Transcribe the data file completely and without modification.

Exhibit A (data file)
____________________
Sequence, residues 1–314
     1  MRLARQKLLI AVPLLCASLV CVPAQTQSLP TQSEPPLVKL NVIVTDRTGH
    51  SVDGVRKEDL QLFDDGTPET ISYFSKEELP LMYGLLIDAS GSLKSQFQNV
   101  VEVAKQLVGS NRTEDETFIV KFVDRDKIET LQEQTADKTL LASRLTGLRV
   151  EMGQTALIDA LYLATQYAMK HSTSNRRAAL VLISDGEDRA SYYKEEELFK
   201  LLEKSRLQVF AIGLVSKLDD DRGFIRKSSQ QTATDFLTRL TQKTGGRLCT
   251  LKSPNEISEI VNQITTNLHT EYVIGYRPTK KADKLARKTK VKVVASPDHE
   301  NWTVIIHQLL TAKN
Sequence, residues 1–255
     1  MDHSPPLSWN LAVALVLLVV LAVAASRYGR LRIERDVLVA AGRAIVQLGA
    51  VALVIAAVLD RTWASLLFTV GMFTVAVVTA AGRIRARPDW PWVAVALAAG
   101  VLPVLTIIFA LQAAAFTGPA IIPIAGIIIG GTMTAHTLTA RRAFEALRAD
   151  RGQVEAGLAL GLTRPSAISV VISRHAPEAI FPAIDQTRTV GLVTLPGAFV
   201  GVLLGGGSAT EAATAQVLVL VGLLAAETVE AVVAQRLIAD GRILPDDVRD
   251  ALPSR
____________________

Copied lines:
Sequence, residues 1–314
     1  MRLARQKLLI AVPLLCASLV CVPAQTQSLP TQSEPPLVKL NVIVTDRTGH
    51  SVDGVRKEDL QLFDDGTPET ISYFSKEELP LMYGLLIDAS GSLKSQFQNV
   101  VEVAKQLVGS NRTEDETFIV KFVDRDKIET LQEQTADKTL LASRLTGLRV
   151  EMGQTALIDA LYLATQYAMK HSTSNRRAAL VLISDGEDRA SYYKEEELFK
   201  LLEKSRLQVF AIGLVSKLDD DRGFIRKSSQ QTATDFLTRL TQKTGGRLCT
   251  LKSPNEISEI VNQITTNLHT EYVIGYRPTK KADKLARKTK VKVVASPDHE
   301  NWTVIIHQLL TAKN
Sequence, residues 1–255
     1  MDHSPPLSWN LAVALVLLVV LAVAASRYGR LRIERDVLVA AGRAIVQLGA
    51  VALVIAAVLD RTWASLLFTV GMFTVAVVTA AGRIRARPDW PWVAVALAAG
   101  VLPVLTIIFA LQAAAFTGPA IIPIAGIIIG GTMTAHTLTA RRAFEALRAD
   151  RGQVEAGLAL GLTRPSAISV VISRHAPEAI FPAIDQTRTV GLVTLPGAFV
   201  GVLLGGGSAT EAATAQVLVL VGLLAAETVE AVVAQRLIAD GRILPDDVRD
   251  ALPSR